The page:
• I’ve been playing around with the new workflow for several hours today. I tried it on multiple images that I had already edited with Workflow II, and compared the results to Workflow III using Lightroom only. I can get very close to the same results with much less hassle. Just avoiding the whole export process to PS and saving back to Lightroom saves me approximately 10 sec per image. I just need to learn LR curve tool better to get fluid with this but so far so good. Oh, and I need to find a way to add borders in LR, then I’m golden. Thanks Ming!

            • Success! Unfortunately there is no way to add the borders though…

              • Actually there is if you use a plugin (I use https://www.photographers-toolbox.com/products/lrmogrify2.php ). This also works if you use Lightroom to sync with flickr (borders are automatically added on export), and can do things like watermarks too.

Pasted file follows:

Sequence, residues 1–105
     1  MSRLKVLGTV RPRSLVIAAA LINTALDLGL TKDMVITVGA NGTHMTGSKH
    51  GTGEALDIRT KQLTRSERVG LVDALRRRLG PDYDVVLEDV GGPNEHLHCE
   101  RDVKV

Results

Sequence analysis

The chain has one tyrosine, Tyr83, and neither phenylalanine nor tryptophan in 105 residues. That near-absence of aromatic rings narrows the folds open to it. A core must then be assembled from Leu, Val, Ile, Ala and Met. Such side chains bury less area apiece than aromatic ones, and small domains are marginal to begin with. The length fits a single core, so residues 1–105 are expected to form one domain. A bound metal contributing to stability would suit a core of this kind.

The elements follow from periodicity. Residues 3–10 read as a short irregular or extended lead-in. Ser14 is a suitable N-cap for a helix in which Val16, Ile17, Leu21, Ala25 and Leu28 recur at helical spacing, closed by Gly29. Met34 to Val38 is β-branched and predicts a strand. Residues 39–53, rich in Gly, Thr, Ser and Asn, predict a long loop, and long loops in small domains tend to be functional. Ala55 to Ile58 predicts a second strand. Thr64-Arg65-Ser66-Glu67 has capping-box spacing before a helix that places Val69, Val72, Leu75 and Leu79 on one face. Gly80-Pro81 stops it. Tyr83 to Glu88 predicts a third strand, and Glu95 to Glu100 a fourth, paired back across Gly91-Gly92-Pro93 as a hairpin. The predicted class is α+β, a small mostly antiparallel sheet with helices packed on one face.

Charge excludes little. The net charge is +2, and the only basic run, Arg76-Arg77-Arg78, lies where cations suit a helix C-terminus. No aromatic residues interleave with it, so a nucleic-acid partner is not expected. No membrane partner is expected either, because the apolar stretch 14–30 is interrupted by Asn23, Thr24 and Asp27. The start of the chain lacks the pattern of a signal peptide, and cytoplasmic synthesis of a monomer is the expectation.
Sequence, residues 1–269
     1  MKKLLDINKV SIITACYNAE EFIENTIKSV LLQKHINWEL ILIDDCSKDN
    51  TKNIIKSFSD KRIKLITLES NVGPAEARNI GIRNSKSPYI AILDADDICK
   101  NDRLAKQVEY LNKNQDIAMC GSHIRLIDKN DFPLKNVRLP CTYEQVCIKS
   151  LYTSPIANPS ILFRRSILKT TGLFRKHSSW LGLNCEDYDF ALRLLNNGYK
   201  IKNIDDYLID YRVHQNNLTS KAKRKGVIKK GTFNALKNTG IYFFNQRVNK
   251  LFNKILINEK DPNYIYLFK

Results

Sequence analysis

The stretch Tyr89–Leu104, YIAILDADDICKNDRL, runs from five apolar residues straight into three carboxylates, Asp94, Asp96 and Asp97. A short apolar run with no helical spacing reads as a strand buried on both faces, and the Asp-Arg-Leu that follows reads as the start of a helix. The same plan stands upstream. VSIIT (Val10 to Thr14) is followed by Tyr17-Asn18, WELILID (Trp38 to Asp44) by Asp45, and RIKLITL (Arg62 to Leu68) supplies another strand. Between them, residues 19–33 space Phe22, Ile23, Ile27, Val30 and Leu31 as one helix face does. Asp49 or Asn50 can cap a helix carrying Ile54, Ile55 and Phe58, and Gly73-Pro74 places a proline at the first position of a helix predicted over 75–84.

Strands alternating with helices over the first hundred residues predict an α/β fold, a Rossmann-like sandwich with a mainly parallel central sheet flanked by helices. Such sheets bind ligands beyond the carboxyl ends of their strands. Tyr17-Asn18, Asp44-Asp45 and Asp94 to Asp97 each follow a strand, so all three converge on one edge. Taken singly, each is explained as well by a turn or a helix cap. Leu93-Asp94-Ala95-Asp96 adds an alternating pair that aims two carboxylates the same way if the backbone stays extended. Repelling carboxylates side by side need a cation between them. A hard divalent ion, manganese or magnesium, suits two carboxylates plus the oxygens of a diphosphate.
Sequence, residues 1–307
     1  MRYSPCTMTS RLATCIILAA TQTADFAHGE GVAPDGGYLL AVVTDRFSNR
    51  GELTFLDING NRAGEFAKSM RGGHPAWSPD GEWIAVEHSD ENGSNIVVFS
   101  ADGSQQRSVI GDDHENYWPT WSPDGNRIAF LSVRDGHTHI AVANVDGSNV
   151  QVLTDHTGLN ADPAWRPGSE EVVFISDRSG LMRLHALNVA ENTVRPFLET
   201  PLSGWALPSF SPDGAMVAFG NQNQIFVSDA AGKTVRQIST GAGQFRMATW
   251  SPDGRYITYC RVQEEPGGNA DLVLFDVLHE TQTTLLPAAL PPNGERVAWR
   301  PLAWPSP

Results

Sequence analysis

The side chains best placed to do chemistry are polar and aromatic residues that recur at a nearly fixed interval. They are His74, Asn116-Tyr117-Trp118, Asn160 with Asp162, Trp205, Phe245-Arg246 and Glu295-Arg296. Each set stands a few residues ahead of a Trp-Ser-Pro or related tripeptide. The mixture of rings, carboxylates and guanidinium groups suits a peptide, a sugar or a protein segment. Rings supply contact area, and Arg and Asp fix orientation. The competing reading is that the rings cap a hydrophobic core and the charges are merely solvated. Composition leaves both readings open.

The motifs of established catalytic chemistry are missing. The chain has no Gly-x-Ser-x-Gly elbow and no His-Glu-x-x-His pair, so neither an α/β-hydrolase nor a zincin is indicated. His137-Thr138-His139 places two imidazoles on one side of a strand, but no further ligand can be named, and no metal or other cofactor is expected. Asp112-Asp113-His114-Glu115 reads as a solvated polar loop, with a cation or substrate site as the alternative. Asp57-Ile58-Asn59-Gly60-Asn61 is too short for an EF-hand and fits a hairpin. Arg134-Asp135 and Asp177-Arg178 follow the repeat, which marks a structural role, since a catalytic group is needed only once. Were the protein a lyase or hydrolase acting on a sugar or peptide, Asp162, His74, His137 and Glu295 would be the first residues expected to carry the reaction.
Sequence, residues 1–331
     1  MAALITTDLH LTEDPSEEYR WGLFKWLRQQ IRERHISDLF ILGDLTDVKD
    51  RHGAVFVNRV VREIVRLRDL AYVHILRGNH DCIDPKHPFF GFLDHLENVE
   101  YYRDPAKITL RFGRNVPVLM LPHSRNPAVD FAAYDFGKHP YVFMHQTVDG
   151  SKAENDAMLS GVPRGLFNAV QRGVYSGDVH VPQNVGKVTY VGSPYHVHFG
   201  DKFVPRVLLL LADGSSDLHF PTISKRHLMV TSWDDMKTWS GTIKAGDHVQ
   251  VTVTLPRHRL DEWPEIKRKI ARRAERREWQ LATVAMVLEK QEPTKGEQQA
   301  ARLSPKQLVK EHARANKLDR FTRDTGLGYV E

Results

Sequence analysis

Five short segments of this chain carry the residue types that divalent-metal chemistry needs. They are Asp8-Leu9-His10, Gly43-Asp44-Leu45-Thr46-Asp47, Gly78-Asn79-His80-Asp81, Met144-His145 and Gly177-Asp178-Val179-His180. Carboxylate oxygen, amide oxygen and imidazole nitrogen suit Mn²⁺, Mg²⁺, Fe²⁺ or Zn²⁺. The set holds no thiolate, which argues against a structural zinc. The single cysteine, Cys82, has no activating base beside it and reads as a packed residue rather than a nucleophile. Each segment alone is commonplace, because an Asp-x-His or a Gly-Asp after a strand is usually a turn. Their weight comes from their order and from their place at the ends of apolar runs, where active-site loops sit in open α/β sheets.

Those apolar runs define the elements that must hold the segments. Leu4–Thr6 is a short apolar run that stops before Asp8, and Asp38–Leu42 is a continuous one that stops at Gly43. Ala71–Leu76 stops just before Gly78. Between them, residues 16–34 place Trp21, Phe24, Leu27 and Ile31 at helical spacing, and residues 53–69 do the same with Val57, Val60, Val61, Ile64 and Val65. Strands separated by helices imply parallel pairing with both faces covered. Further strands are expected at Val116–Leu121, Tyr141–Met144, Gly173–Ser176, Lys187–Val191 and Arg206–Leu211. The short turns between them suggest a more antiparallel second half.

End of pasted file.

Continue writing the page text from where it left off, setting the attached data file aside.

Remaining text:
Nice to see that you manage to get 90% of the way to your desired result using just lightroom – I should admit that I’ve been following your weekly workflow but for images that I don’t think require extreme adjustments I’ve just been using lightroom to get something that is “close enough”.
                Just got back from 6 week’s travel with a huge backlog of weekly workflow videos to watch, but I’ll be picking this up later to compare how you’ve been working with lightroom to my current worklow.
                PS: visiting family I found I had a parcel with a copy of your “Connection” book that I’d honestly forgotten I’d ordered, a very pleasant surprise! I know you’re opposed to producing books on quality grounds, but I still enjoyed that one and would love to see more from you.

                • Aha! Useful to know: thanks for sharing that.

                  Personally, PS is still faster because I tend to do those little local adjustments more often than not – and I have so many images catalogs are impractical – but yes, the engine is a lot better, and I think between those improvements under the hood, the profiles, and the slightly altered logic, we’re mostly there 🙂 (or there for most images).

  62. Wolfgang T. says:

    Do I get profiles for Sony A6000/6300?